In these regions, which are not heavily industrial, they found above all teaching trades unionists, who had been students in the 1980s, who had emerged from the student movement of that time influenced by the radical and nationalist left. In the 1990s, the black years of Ben Ali’s repression—there were 40 deaths under torture, 30,000 political prisoners—they were in the trade-union movement, not so much as politically organized activists, but with their political baggage, above all that of the radical left. Who were they? Leaders of our organization or those close to us, or other groups of the radical left, those of the Jan. 14th Front, which comprised 13 parties essentially of the far left and nationalist organizations.
Q: Your organization, the Ligue de la Gauche Ouvrière, was founded during the struggle.
JBBZ: Yes, the Ligue de la Gauche Ouvrière was set up during the revolution. But its activists did not come from nowhere. They were very well known leaders in the trade-union, associative, feminist world, known in the political confrontation with the regime, youth leaders known in the cultural movement, well known organizers who were at the head of the movement in Sidi Bouzid, union leaders in primary education or in posts and telecoms. Some of them came to us from the Organization Communiste Révolutionnaire, the Tunisian section of the Fourth International, which broke up following the repression, because it could no longer go forward in its form of organization. In 1990 there were 40 sentencings of youths—the oldest was 27, the youngest 16. It was a very hard blow.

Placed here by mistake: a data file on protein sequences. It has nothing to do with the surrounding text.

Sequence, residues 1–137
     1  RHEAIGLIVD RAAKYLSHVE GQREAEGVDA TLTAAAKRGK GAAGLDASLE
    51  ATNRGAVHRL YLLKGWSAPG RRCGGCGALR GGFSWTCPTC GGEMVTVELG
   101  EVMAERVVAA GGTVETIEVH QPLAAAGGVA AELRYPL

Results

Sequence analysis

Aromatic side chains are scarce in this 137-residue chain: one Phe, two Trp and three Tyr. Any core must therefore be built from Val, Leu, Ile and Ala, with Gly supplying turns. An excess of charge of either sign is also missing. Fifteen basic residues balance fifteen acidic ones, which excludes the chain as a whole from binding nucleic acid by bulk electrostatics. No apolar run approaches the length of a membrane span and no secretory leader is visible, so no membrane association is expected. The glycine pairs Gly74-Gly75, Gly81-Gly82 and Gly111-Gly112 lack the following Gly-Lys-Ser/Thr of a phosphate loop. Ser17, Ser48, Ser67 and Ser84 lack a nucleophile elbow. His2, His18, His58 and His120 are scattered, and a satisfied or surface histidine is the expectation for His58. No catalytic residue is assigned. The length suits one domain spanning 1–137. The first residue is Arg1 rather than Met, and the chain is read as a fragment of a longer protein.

The OCR was an organization of revolutionary youth, which had a clear position against the regime and against the fundamentalists, for a popular workers’ orientation. … Let me make it clear, we always struggled against the fundamentalists—who wanted a state which would be anti-woman and anti-worker, who today go hand in hand with the character the most hated by the working class, Mohamed Sayah, a leader of the Néo-Destour [the predecessor of Ben Ali’s ruling party] who repressed the general strike of February 1978 alongside Ben Ali—but we have never accepted this repressive police state regime.
Q: What was the role of the trade-union movement in the fall of Ben Ali?